This problem and its fame have led to implementations in a variety of languages, including a language called Brain f*ck. In the Computer Organisation course, you can implement an interpreter for this language and test it on the implementation of the Hanoi algorithm.

We can use induction to prove that this subroutine does in fact solve the Towers of Hanoi problem.

Theorem 3.12.

The sequence of moves printed by the Hanoi subroutine as given above correctly solves the Towers of Hanoi problem for any integer *n *≥ 1.

*Proof*. We prove by induction that whenever *n *is a positive integer and *A*,*B*, and *C *are the numbers 1, 2, and 3 in some order, the subroutine call Hanoi(*n*, *A*, *B*, *C*) prints a sequence of moves that will move *n *discs from pile *A *to pile *B*, following all the rules of the Towers of Hanoi problem.

In the base case, *n *= 1, the subroutine call Hanoi(1, *A*, *B*, *C*) prints out the single step “Move disc 1 from pile A to pile B”, and this move does solve the problem for 1 disc.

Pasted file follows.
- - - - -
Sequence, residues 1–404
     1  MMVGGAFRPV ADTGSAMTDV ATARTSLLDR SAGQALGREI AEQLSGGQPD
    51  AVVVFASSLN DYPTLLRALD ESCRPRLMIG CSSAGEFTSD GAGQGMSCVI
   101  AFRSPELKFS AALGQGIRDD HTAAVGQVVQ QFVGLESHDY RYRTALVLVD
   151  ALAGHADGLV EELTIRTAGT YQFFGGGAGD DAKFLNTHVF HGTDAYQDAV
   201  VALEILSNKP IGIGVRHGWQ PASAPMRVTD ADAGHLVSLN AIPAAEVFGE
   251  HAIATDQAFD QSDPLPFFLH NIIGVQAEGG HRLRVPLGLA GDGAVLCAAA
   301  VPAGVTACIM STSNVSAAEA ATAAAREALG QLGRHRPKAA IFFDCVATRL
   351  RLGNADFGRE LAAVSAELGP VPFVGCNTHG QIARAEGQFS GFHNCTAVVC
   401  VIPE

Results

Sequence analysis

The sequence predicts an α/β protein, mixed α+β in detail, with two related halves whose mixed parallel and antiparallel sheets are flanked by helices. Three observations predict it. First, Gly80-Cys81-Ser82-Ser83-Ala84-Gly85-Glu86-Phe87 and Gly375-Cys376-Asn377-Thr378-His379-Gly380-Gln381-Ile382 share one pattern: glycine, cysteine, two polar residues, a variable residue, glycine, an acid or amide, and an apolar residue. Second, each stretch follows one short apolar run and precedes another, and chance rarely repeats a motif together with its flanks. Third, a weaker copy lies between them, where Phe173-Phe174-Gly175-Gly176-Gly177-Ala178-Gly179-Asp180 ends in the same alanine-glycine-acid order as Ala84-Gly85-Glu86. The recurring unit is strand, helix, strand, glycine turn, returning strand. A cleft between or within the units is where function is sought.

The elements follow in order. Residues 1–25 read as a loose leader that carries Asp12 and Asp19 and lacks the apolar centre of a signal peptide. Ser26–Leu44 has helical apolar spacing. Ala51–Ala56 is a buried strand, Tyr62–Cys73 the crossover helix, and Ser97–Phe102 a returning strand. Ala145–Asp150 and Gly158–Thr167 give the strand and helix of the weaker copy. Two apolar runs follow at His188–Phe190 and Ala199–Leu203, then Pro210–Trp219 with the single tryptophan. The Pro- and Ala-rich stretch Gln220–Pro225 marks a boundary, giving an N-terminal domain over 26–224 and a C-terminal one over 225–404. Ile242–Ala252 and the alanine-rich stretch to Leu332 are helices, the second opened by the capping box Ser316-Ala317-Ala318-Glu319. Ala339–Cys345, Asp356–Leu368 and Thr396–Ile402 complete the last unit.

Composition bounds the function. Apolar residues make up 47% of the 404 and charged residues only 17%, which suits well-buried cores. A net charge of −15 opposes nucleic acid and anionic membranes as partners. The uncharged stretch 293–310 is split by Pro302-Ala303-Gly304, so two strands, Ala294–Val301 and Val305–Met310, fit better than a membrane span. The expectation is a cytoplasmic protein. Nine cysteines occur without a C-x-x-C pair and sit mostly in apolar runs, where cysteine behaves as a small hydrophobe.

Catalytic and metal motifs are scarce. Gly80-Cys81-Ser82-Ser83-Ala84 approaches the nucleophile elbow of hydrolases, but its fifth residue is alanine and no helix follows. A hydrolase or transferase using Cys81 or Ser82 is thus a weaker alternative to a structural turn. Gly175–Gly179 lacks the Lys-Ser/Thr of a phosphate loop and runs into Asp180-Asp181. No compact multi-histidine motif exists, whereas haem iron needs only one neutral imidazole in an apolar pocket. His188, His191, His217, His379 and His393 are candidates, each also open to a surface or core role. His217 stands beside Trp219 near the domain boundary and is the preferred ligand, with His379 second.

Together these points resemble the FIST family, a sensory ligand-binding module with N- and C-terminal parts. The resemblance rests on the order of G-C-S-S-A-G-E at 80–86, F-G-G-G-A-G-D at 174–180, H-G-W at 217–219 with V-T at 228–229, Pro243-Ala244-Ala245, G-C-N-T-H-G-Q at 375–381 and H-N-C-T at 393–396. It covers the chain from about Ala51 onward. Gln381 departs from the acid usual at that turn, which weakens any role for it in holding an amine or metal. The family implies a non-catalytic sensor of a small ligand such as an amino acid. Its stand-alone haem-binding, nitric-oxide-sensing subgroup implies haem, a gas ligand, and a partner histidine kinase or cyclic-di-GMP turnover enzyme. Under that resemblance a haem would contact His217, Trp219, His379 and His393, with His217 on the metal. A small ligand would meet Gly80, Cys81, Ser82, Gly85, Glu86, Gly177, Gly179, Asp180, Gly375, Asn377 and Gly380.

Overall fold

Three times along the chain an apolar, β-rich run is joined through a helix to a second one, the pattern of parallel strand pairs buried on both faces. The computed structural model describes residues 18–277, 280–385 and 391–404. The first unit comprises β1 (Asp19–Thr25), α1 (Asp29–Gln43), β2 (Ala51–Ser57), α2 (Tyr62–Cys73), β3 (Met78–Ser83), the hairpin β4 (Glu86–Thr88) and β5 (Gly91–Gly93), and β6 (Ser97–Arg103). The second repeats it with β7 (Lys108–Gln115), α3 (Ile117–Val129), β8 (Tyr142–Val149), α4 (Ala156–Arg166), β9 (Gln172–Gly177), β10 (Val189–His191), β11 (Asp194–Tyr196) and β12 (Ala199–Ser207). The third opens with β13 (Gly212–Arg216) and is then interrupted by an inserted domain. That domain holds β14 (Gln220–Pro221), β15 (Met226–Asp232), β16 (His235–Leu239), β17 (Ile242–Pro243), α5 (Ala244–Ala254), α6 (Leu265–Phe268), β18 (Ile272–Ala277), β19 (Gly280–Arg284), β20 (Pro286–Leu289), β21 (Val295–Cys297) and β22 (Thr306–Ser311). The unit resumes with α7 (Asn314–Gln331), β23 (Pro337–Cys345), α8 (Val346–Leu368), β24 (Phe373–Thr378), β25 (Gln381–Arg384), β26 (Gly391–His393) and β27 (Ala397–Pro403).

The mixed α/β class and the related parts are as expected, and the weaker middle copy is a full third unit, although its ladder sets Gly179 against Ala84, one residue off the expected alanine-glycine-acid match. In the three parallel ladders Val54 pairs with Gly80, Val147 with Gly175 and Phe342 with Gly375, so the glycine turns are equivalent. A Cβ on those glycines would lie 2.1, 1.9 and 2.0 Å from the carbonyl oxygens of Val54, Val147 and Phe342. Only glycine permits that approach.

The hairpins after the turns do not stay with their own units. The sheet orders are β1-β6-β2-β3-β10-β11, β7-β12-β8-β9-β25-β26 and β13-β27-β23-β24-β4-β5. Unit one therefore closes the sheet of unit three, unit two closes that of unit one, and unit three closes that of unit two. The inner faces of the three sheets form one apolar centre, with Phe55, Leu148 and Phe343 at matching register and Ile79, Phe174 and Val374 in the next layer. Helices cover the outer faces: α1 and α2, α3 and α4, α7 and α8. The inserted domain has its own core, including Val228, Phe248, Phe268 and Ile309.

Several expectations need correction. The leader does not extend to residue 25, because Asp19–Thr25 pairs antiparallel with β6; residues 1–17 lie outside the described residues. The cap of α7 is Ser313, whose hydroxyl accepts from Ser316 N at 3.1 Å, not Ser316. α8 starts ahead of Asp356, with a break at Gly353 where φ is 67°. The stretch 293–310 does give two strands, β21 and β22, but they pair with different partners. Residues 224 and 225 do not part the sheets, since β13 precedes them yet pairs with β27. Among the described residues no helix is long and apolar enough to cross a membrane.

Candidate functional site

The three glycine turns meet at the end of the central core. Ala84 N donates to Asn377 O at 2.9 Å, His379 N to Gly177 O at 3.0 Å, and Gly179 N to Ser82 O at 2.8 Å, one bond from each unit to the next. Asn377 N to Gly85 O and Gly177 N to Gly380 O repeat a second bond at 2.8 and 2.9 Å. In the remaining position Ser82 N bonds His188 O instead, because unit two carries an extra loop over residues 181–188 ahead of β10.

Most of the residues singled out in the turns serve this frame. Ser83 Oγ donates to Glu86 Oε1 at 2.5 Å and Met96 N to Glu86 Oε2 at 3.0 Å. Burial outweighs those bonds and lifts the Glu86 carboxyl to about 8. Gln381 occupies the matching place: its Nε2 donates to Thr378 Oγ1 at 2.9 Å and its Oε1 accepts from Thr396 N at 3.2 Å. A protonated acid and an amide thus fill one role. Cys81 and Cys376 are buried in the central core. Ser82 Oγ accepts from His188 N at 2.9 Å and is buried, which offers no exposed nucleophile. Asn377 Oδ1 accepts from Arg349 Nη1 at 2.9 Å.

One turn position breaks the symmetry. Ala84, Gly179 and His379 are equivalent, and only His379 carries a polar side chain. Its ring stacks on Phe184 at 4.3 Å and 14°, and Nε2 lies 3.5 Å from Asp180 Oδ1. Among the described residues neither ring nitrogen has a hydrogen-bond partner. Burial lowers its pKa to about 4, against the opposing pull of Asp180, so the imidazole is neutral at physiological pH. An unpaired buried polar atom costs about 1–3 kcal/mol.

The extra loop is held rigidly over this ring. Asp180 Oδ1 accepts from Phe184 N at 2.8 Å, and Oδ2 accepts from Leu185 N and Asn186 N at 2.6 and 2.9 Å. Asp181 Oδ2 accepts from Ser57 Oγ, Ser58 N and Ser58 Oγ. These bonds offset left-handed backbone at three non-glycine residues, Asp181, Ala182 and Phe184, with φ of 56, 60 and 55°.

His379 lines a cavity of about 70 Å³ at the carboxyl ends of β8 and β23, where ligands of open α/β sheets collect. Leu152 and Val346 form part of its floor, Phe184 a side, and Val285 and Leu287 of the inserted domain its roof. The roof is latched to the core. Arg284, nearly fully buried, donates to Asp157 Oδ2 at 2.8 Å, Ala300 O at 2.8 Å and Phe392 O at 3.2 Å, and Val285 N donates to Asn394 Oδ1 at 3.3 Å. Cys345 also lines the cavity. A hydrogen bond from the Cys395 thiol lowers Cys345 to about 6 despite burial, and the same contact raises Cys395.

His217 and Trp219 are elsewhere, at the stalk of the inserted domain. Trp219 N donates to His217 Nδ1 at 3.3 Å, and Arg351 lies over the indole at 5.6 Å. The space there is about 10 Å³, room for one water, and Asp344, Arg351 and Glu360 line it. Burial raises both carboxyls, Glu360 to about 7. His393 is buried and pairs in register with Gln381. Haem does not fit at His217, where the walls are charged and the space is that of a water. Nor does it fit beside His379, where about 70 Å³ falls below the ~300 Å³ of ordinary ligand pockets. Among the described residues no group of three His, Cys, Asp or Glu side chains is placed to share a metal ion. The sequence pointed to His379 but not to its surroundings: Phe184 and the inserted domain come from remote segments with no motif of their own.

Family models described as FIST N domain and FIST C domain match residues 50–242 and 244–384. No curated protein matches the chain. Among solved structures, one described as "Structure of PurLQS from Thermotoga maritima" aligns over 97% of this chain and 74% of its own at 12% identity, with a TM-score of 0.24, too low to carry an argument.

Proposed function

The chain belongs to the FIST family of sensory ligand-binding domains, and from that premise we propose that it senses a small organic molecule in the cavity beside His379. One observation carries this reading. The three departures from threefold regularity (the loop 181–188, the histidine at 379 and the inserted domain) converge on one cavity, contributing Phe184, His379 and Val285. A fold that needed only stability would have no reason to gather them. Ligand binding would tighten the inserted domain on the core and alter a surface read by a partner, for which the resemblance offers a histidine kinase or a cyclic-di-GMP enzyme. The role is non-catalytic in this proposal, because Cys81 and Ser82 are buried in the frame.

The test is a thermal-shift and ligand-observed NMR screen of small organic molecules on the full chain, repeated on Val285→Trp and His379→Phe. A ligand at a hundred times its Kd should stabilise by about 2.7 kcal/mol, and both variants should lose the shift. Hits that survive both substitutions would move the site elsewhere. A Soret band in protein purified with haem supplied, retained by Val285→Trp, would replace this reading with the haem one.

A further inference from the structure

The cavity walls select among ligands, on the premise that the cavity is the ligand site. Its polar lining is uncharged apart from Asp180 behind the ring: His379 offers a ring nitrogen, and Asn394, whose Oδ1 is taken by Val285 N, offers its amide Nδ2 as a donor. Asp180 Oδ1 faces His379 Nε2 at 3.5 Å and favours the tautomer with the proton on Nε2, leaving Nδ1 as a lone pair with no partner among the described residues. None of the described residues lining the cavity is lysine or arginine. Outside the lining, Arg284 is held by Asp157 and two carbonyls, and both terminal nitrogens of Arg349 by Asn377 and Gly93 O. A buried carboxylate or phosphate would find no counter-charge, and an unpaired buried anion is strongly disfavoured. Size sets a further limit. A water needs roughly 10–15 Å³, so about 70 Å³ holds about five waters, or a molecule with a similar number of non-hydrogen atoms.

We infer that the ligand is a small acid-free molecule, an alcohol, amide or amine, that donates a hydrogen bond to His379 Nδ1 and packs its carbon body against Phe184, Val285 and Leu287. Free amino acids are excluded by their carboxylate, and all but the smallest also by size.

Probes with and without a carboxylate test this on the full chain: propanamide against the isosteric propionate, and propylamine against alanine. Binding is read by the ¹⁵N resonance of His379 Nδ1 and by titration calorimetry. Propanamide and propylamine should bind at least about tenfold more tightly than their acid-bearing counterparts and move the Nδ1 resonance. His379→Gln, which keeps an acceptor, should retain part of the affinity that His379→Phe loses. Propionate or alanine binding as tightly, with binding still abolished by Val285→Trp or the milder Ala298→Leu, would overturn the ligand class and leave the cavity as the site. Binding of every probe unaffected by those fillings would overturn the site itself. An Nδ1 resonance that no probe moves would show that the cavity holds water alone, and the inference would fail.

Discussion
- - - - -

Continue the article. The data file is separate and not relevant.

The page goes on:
Let *k *be an arbitrary positive integer, and suppose that Hanoi(*k*, *A*, *B*, *C*) correctly solves the problem of moving the *k *discs from pile *A *to pile *B *using pile *C *as the spare, whenever *A*, *B*, and *C *are the numbers 1, 2, and 3 in some order. We need to show that Hanoi(*k *+ 1, *A*, *B*, *C*) correctly solves the problem for *k *+ 1 discs. Since *k *+ 1 > 1,Hanoi(*k *+ 1, *A*, *B*, *C*) begins by calling Hanoi(*k*, *A*, *C*, *B*). By the induction hypothesis, this correctly moves *k *discs from pile *A *to pile *C*. disc number *k *+ 1 is not moved during this process. At that point, pile *C *contains the *k *smallest discs and pile *A *still contains the(*k *+ 1)*st *disc, which has not yet been moved. So the next move printed by the subroutine,

“Move disc (*k *+ 1) from pile A to pile B”, is legal because pile *B *is empty. Finally, the subroutine calls Hanoi(*k*, *C*, *B*, *A*), which, by the induction hypothesis, correctly moves the \(k\) smallest discs from pile \(C\) to pile \(B,\) putting them on top of the \((k+1)^{\text { st }}\) disc, which does not move during this process. At that point, all (*k *+ 1) discs are on pile *B*, so the problem for *k *+ 1 discs has been correctly solved.